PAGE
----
- Beverage industry – used in brewing and bottling lines of the production.
- Cooling towers – used to keep people away from the danger zones. Anti-rust for the mechanical parts that are always wet.
- Power plants – because it is non-conductive, fiberglass is used in power generating industries for safety.
- Automotive, aerospace, & defense – various body parts and components are made out of fiberglass.
Fiberglass can offer valuable support in terms of safety, protection, isolation, or waste reduction. All these features make it a go-to material that is also affordable.
What is rockwool?
Also known as stone or mineral wool, rockwool is an organic material obtained from stones or rocks. This explains the name as well.
How it’s made: Natural rock is heated up to 3000 degrees until it melts. The magma-looking liquid goes through a high-pressure air or steam jet. Then, you obtain fiber strands through a process of high-speed spinning. Imagine cotton candy machines, only bigger and stronger. Finally, the fiber strands are compressed into thick and dense mats cut into panels of rockwool batts. That’s the simplified version!
Very high performance with sound reduction. Rockwool has a porous structure that absorbs sound efficiently. It can isolate and control the noise and vibrations coming from various sources (airports, trams, trains, music, etc.). The high density of the material blocks the airflow that carries noise, making even the noisiest environments bearable.
Retains heat and prevents fire from spreading. It is a resilient material, and it does not produce toxic emissions of smoke or other residues. Rockwool meets the fire safety criteria.
Very good at keeping the heat in. The air is retained due to the small pockets of air inside the structure. In summer, it keeps the hot air out. In winter, it keeps the warm air in.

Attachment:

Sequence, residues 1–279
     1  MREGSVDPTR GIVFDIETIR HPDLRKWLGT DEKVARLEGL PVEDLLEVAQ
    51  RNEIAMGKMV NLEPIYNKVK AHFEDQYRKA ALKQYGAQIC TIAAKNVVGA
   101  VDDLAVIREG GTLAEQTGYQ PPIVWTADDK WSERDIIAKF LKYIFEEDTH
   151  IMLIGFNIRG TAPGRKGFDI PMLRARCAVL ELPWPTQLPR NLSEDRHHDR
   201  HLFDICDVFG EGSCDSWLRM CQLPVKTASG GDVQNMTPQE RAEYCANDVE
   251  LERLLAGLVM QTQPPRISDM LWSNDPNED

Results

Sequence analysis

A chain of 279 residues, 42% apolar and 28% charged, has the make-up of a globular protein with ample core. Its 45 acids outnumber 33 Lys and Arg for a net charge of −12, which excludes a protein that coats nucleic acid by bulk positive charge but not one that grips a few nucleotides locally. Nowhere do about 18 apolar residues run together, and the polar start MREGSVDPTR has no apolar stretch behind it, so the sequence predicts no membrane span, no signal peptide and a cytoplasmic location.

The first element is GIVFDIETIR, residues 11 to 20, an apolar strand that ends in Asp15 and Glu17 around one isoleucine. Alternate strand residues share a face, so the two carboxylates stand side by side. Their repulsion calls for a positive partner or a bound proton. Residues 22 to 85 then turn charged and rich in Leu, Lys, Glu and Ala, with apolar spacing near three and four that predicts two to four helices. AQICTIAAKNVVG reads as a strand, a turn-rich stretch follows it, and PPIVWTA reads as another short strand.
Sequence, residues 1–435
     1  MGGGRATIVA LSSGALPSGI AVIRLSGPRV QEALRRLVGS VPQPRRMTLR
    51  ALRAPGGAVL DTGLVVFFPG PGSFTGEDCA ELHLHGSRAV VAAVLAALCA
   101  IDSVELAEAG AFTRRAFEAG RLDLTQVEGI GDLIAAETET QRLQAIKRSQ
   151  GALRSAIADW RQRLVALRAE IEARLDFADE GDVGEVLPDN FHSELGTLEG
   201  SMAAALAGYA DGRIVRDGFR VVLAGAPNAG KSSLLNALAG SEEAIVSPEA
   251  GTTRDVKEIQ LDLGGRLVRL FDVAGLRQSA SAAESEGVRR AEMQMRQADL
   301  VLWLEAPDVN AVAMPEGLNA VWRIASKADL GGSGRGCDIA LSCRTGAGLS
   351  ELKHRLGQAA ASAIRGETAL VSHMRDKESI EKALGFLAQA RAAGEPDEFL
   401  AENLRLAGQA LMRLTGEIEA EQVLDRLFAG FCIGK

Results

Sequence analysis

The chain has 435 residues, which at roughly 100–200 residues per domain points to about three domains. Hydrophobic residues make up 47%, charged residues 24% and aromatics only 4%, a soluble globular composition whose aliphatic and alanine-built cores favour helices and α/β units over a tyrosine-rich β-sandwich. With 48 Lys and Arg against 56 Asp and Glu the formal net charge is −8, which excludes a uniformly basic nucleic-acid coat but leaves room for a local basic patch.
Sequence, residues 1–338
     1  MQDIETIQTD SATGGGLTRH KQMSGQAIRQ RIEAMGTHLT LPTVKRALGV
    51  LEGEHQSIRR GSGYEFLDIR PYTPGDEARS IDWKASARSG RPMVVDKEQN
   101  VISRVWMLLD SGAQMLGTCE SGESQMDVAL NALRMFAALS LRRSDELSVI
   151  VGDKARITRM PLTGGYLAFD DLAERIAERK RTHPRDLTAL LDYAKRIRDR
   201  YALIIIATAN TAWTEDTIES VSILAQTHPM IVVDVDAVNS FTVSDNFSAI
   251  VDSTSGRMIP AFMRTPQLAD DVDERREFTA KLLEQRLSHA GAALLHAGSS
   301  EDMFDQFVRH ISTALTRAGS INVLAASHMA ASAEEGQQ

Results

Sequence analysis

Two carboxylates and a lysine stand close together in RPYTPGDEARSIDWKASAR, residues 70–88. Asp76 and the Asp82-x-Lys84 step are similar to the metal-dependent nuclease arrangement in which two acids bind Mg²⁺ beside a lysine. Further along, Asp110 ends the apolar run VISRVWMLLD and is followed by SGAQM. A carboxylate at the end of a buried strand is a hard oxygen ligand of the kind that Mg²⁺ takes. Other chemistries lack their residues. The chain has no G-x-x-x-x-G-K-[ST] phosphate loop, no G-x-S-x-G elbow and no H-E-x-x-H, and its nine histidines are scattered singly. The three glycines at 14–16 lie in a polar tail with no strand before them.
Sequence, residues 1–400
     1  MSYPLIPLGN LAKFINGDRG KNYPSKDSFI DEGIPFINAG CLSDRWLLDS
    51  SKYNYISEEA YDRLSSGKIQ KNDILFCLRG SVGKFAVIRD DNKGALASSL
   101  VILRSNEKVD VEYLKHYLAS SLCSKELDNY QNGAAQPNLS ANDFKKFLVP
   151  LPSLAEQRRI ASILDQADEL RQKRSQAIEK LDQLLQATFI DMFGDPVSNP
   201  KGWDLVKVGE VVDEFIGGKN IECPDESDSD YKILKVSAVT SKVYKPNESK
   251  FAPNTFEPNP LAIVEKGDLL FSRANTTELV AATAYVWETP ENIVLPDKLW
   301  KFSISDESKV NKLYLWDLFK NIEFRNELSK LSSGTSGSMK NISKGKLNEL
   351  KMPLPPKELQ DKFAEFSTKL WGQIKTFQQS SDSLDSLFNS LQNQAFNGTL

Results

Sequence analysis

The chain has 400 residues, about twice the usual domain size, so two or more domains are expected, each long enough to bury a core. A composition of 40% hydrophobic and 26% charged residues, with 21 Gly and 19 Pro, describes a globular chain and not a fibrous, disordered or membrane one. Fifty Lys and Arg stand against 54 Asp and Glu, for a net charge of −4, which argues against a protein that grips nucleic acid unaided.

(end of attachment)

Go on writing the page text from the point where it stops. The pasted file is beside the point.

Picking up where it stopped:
Lets the moisture circulate. It can retain water or let it escape, depending on your needs. Good ventilation prevents mold and mildew formation, thus making for a healthy environment.
100% organic, made out of natural, raw materials. Also, the content is up to 75% recyclable.
Dense material with firm batts that allow sealing of air gaps. You don’t need any stapling and can cut it to size for any type of structure.
What is fiberglass?
As the name suggests, fiberglass is obtained from glass. It is basically reinforced glass fibers that molded into various shapes.
How it’s made
The glass is heated until it melts. Then, the molten glass is pushed through tiny holes to create thin filaments. These tiny threads are then woven into larger patches of material or left in bulks of less structured material.
The fiberglass can have resins added to it for strength and made into different shapes and forms. You can get fiberglass in sheets, mats, panels, or custom-made. It depends on the purpose.